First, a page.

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For all of the advances in computer operating systems and web browsers over the last decade, walking into some companies in 2012 can feel like a time warp, and not in a good way.

A huge number of business applications were written for Microsoft’s Internet Explorer 6, which isn’t supported on Microsoft’s Windows 7 — preventing many companies from upgrading to new PCs running the latest software.

Browsium, a Redmond-based company run by a team of former Microsoft managers, is taking a new crack at the problem.

The startup this morning announced a second-generation product called Browsium Ion that lets companies run their legacy web apps — originally written for IE6 — in the newer versions of the Microsoft browser, IE8 and IE9, supported on the latest Windows versions.

Microsoft probably won’t be shouting about this from the rooftops. The company would still prefer to see businesses rewrite or replace their legacy apps to work on newer versions of the browser and the operating system. But if it takes off, Browsium Ion could help more companies upgrade to Windows 7. Microsoft estimated last summer that two-thirds of businesses were still running Windows XP.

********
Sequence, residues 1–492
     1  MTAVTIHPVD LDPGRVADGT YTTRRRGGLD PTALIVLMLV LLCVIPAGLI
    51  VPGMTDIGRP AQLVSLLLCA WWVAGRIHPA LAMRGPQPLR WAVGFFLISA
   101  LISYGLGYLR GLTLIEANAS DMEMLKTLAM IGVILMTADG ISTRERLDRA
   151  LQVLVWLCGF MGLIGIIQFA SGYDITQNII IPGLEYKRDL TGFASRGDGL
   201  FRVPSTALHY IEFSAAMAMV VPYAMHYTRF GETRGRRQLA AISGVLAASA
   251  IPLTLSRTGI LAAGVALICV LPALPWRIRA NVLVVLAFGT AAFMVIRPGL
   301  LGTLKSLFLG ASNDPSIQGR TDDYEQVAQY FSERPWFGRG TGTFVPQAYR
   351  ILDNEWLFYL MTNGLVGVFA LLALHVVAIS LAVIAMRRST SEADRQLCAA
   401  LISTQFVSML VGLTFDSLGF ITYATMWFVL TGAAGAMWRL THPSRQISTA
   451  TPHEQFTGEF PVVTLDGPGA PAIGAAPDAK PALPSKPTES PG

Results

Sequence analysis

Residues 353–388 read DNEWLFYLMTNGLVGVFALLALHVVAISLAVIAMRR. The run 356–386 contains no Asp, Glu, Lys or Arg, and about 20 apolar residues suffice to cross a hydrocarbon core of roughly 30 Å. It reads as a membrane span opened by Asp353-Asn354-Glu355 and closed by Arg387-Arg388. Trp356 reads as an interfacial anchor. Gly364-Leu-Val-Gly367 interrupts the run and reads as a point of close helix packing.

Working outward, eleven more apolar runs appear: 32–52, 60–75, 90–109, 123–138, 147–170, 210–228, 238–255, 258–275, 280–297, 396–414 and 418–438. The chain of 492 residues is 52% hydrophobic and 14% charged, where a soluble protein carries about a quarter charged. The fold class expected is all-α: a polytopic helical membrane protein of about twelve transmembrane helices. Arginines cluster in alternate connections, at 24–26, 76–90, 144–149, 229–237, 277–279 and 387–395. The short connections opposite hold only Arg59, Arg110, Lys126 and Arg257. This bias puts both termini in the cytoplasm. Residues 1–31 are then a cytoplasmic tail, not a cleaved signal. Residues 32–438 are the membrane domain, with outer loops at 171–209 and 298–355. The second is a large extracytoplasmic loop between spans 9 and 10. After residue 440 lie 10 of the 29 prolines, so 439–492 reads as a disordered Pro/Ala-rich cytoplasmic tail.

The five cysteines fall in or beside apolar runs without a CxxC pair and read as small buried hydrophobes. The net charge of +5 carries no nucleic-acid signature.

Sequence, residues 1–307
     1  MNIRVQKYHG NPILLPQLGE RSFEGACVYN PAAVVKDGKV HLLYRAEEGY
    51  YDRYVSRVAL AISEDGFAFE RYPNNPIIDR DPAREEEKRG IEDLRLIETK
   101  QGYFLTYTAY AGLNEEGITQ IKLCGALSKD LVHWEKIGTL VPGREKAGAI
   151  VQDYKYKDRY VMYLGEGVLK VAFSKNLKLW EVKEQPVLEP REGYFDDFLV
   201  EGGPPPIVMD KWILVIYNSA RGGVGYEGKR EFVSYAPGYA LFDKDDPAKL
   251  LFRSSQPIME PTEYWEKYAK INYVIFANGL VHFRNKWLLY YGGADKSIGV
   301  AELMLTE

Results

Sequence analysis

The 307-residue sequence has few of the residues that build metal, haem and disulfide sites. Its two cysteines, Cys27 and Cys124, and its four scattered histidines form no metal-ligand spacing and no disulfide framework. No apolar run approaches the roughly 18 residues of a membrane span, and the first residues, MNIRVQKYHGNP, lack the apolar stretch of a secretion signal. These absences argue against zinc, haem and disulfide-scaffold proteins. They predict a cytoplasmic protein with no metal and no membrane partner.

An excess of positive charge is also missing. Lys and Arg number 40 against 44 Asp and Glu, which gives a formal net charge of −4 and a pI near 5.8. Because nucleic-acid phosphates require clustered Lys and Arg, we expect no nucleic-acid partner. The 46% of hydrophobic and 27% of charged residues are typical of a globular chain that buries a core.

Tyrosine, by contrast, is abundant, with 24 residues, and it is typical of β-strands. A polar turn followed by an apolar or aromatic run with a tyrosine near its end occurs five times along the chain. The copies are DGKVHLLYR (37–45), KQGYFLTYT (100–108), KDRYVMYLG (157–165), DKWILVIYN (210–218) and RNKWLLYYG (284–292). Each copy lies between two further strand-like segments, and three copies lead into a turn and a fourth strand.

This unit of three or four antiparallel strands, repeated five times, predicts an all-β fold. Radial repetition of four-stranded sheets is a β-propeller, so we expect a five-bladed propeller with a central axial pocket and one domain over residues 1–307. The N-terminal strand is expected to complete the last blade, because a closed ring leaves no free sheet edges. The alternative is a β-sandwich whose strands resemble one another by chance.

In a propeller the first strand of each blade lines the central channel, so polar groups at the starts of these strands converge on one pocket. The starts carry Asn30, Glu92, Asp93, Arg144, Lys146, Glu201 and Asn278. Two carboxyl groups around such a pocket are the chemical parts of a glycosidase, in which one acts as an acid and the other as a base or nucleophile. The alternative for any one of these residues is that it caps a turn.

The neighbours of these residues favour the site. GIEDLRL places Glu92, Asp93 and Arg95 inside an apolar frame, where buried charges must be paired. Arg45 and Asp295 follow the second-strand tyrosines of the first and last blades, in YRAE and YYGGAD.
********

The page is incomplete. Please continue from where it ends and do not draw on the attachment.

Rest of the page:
One of Ion’s more impressive tricks is the ability to run an old web app in one tab — using specialized settings and a legacy version of Java — next to web pages and apps in the same browser running the latest interactive technologies and settings in adjacent tabs. It also works when browsing backward and forward between a modern web page and a legacy app, switching the settings automatically on the fly.

The company says its solution is faster and less expensive than using virtualization to run IE6 on a newer machine.

“The idea is that IT controls all these settings with a tool we provide,” explained Browsium president Gary Schare, the former head of the Internet Explorer product management team, during a demonstration of Browsium Ion.  “To the end user it’s transparent.”

Browsium was founded by Matt Heller, a former Overture Services executive who also worked previously with Microsoft on Internet Explorer. The company’s CTO is Matt Crowley, a former program manager on the Internet Explorer and ASP.NET teams.

The company’s first-generation product, UniBrows, solved the problem by hosting the IE6 engine natively in IE8 and IE9, an approach that worked well but created potential problems with Microsoft’s licensing policies.

Browsium Ion instead uses engines that are built into IE8 and IE9, including “Adaptive Quirks” mode and the IE7 engine, along with a customizable string replacement feature to override and replace specific instances of problematic code.

It’s sold for a yearly subscription, with pricing varying depending on number of PCs. The company says existing UniBrows customers can upgrade for free.

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